Saturday, December 1, 2018

Sunday, December 2, 2018, Paul Coulter


It's a Sunday rebus! An old school rebus, that is, where numbers and letters are used to represent other things. As in 23A: 13579 AZ (ODDSANDENDS). The numbers are odd, and the letters are the ends of the alphabet. And 56A: AT hot dog hot dog RA (FRANKSINATRA), which should be parsed as "franks" (hot dogs) in between "AT" and "RA." That one's a little more crazy, but that's just how these things usually are. They used to run regularly in the old Games Magazine. Ahh... Games Magazine... good times. My favorite is BREAKINGASWEAT (94A: Per spire). Classic!


I enjoyed the theme, and I also enjoyed a lot in the fill. Especially BEANERIES (25A: Hash houses). I had never heard either term for a cheap restaurant before, but I will endeavor to start using them both on a daily basis. I know, for example, that Huygens et uxor recently dined at Eleven Madison Park, which I will disparage as a beanery when next I see them both. I can hardly wait! And just below that we have the evocative SALTMARSH (29A: Brackish coastal habitat), which makes me long for April, when we can open up the beach house again. ... stupid winter...

Let me know what you think of CRENEL (49A: Opening in a battlement) and NANKEEN (79D: Durable yellow cotton cloth) if you have a moment. These are two words that not many people would know off the top of their heads. I sure didn't. They are clued with straight definitions (what else could you do, I suppose), and although I could eventually guess CRENEL based on the adjective crenellated, I didn't have much to work with on NANKEEN. I have since learned that it was originally made in Nanjing, which makes sense now, but while solving, it was all just letters. Kind of tough that it crosses RENE Caovilla, an Italian shoe designer that I have never heard of. To choose that particular RENE, instead of RENE Russo, for example, was an odd choice. Why cross two very obscure answers? Anyway, the two words I've never heard before don't bother me. The choice for the name kind of does. I guess I like learning new words more than I like learning about people - although I do find that his shoes are one of the oldest fashion shoe lines in existence, and they're still quite popular with big celebrities. OK. Maybe it's not so obscure a name to everyone...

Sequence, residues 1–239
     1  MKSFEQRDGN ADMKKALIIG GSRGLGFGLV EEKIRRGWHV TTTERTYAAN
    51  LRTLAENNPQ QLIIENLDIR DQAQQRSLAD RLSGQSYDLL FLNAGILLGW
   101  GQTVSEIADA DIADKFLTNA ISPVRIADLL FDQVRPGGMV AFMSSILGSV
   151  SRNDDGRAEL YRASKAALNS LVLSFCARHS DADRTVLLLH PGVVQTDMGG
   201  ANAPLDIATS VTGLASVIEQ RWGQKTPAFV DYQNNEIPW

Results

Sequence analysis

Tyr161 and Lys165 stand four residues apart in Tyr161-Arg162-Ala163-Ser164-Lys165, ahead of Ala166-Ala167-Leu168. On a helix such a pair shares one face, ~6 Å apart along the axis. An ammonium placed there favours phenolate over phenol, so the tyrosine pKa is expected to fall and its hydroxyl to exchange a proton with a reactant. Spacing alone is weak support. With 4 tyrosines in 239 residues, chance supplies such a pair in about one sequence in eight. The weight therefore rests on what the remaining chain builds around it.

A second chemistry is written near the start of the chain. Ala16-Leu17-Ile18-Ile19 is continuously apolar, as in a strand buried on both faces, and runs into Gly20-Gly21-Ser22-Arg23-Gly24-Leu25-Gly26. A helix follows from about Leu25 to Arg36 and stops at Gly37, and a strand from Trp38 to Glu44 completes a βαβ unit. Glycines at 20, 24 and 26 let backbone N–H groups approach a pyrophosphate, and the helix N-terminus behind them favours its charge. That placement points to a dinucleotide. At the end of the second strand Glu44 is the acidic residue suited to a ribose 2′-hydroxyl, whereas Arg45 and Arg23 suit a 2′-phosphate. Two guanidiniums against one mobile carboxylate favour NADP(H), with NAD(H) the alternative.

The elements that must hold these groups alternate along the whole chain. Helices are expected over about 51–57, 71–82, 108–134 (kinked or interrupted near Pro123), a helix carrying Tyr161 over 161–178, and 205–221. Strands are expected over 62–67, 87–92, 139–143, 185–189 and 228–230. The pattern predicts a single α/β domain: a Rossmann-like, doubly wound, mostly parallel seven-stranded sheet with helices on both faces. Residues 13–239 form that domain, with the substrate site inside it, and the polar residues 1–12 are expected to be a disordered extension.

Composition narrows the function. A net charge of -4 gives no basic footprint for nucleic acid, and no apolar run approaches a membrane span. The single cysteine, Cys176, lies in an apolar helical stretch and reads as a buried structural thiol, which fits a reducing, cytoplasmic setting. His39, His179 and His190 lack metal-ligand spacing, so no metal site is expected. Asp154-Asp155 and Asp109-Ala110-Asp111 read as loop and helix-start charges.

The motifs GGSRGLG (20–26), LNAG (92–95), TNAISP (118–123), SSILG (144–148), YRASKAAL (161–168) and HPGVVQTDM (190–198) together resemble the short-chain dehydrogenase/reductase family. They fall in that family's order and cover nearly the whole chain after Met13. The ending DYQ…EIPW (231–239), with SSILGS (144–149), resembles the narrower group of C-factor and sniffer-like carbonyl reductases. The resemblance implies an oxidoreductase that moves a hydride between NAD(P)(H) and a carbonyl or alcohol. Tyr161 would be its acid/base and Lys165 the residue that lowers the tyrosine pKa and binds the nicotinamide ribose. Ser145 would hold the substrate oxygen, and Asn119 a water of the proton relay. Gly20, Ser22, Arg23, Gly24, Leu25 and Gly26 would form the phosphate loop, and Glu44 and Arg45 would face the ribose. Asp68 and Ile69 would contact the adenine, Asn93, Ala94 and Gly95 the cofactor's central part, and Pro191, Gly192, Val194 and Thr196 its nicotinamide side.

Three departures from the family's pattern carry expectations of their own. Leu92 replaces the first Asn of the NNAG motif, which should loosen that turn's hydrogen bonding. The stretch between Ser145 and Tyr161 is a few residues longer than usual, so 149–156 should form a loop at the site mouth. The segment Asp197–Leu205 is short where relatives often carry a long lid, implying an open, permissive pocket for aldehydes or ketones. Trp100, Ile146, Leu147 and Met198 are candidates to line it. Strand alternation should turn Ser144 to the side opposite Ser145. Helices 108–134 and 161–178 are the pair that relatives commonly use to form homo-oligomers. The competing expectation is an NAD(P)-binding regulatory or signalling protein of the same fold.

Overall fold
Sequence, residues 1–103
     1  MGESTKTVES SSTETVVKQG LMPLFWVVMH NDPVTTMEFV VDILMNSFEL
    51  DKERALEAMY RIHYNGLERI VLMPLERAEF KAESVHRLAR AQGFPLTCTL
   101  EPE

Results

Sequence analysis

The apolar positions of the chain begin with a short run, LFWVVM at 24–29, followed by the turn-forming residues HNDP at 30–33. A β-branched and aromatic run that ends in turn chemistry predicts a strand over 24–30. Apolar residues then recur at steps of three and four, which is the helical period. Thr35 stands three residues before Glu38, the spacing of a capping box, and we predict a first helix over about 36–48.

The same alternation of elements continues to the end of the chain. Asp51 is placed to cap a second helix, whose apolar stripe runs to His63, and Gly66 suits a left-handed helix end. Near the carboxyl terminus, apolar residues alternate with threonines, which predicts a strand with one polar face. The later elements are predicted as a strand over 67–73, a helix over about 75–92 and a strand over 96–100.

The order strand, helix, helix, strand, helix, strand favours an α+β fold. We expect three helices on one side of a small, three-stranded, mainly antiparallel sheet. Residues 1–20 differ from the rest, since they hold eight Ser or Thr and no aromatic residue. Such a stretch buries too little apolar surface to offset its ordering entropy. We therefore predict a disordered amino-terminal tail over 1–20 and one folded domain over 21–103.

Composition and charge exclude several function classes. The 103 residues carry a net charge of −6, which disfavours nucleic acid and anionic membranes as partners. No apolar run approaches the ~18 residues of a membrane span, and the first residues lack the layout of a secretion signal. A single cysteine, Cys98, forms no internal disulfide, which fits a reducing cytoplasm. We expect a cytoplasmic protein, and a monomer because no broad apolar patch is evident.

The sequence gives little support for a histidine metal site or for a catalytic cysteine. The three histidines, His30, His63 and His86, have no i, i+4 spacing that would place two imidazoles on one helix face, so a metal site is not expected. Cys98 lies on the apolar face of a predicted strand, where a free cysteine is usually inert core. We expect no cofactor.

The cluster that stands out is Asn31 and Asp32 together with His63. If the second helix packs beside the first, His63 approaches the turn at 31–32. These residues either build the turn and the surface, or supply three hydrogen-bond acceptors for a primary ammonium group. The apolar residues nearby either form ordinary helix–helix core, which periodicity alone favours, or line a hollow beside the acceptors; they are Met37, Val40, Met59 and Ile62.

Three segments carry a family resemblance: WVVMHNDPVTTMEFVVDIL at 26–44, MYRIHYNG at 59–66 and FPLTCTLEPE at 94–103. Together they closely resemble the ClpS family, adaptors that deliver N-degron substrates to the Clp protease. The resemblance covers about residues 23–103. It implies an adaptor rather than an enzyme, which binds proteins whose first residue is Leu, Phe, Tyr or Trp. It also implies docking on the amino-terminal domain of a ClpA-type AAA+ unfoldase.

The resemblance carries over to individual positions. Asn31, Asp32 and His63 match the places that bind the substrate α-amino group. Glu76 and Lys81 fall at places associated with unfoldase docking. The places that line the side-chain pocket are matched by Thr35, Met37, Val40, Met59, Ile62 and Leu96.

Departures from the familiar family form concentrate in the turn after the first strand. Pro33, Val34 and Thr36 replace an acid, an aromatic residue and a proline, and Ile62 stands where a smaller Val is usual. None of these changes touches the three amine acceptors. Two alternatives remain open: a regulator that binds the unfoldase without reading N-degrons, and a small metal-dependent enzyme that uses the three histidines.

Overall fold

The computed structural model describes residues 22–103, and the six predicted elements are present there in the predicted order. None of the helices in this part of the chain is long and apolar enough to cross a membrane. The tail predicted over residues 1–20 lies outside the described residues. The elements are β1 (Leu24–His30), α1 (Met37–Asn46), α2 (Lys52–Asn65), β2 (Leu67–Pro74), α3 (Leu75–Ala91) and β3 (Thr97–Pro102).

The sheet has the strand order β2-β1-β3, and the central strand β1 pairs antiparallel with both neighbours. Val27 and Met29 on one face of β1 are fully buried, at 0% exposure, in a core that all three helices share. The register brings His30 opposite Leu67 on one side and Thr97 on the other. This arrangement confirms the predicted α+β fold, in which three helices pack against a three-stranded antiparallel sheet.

Anywho, I enjoyed this one. Wait, one last comment about the fill - Since when is there TANTRIC yoga? I've obviously been doing it all wrong.

- Horace


  1. OK - I remember, sorta, knowing NANKEEN - certainly wasn't sure of the spelling! No idea about CRENEL - and BREACH didn't work for very long.
    Yes, tantric yoga - since 1970 with Yogi Bhajan in LA. I even tried it in the early 90's in Portland, OR. The "white" version was taught with Kundalini yoga. I now do "yoga for seniors".
    These rebuses were clever and each one seemed to have a different twist. Great stuff!

  2. Loved the rebuses. I thought FRANKSINATRA was the best because of the twist in the parsing. I laughed out loud when I figured it out. My leas favorite was LONGOVERDUE because the "due" was represented by a homonym, "do," rather than by a synonym or other cleverness. I agree with you about NANKEEN crossing RENE, although what other Italian name could it have been. CRENEL is much more acceptable for me, just because of "crenellated," which comes to my mind easily, in any case. Shout out to SHRAPNEL, another answer that felt in my mind like it wouldn't be long enough to fit in those 8 boxes.